Second, knowing enables you to predict with some certainly the ultimate outcome of family law proceedings, regardless of how much money and time you or your former spouse spend on lawyers and the court system. True, there are some outlier results. You could be lucky or unlucky enough to draw a particular judge who leans one way or the other on your facts, and you might have achieved a different result with a different judge. But appellate courts will always be hovering overhead, ready to overturn perverse results that don’t accord with normal conceptions of fairness and best interests of the child.
Why you need evidence and legal advice to take advantage of the principles
Knowing something, and being able to implement that something, are not always the same thing. Knowing should give you confidence, and enable you to make rationale decisions based on likely results. But operationalizing knowledge of the family law world requires one and possibly two additional ingredients beyond the core principles
First, you need to know that in establishing what fairness and best interests of the child really mean practically on the ground, you need to amass evidence. Documents. Witnesses. Expert reports.
Without evidence, family courts are left in a vacuum. And lopsided evidence, where one party produces almost all the evidence - usually not surprisingly evidence in that party’s favour - can lead to lopsided, unfair results. Results that really aren’t fair and aren’t in the best interests of the child if the real balanced truth had been known, but courts can only base their application of those two core principles on evidence, not on solely the argument and conjecture of the parties.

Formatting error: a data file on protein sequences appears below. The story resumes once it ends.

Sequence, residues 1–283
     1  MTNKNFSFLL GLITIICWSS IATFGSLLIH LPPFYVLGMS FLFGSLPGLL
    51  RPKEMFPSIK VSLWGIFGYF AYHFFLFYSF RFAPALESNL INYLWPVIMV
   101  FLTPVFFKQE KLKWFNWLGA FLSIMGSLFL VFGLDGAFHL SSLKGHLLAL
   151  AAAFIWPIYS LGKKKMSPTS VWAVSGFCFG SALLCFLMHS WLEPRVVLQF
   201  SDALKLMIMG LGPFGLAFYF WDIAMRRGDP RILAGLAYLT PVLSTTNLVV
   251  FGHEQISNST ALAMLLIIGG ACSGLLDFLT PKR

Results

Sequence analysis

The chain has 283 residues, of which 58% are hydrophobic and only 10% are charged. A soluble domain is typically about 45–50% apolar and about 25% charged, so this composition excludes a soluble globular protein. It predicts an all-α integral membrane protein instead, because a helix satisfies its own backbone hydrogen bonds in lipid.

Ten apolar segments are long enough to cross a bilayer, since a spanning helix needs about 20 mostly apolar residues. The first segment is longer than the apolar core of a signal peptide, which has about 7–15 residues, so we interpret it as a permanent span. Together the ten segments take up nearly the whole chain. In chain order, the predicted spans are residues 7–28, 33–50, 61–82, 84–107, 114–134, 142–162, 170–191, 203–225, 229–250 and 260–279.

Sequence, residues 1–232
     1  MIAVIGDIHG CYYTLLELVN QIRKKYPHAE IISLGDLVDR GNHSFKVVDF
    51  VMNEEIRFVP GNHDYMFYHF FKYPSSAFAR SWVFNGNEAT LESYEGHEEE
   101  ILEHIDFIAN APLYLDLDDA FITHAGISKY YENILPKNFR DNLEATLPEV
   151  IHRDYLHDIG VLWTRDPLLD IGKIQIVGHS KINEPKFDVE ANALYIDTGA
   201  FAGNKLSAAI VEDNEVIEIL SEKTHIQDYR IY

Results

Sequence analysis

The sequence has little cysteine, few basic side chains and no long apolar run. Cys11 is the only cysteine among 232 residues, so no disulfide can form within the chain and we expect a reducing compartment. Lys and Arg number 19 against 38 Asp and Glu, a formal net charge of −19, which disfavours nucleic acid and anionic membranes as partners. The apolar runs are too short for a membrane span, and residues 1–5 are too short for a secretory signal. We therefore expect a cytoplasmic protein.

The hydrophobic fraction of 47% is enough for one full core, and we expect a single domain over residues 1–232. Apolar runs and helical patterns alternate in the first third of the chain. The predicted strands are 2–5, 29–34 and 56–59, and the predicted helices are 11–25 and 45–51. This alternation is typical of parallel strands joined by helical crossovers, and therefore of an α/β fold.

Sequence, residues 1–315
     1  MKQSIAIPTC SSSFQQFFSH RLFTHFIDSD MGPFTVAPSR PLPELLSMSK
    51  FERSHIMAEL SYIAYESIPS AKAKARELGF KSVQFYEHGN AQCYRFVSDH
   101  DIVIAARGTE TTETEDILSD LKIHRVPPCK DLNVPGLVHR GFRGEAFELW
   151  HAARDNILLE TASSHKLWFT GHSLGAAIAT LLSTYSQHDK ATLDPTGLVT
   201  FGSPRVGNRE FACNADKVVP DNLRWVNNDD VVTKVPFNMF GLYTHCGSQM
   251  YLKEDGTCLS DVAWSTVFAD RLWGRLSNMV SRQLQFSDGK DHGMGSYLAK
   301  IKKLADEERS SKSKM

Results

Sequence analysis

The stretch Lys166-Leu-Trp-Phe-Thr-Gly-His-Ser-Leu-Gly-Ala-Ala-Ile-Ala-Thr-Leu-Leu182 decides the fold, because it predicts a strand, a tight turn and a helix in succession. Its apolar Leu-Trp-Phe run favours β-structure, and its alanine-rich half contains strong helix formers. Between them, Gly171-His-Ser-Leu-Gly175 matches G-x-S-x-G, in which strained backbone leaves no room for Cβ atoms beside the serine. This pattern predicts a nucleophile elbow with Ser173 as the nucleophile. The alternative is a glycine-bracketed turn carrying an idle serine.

Second, you need to realize the lawyers really are helpful in advancing these two core principles, largely because of all those procedural technicalities that lie in wait to trip you up. Family lawyer help that stays out of court can be very affordable. For those with the lowest incomes, government funded legal aid may be available - especially where children are involved. But even for those who already are in court, and who have to pay themselves, approaching your case as a collaborative effort with your lawyer, where you both carefully make strategic decisions that maximize the value of every dollar you spend is likely to lead to the best outcome, at the most reasonable cost.
I do get that if you are up against someone utilizing scorched earth tactics in family court, with that person either being represented by a lawyer or acted as a self rep, your legal representation costs can become a major challenge. There, you might need to rely on what are sometimes called unbundled legal services, where a lawyer assists you behind the scenes, and you do some of the work yourself.
I’ve unfortunately seen some truly shocking, tragic results where one party has had a lawyer, and the other party is completely without any legal advice - despite those two most sensible core family law principles. It shouldn't be that way, but it is.
Gordon S. Campbell helps family law clients throughout Ontario at negotiation, trial & appeal stages, and is the founder of nofearfamilylaw.com.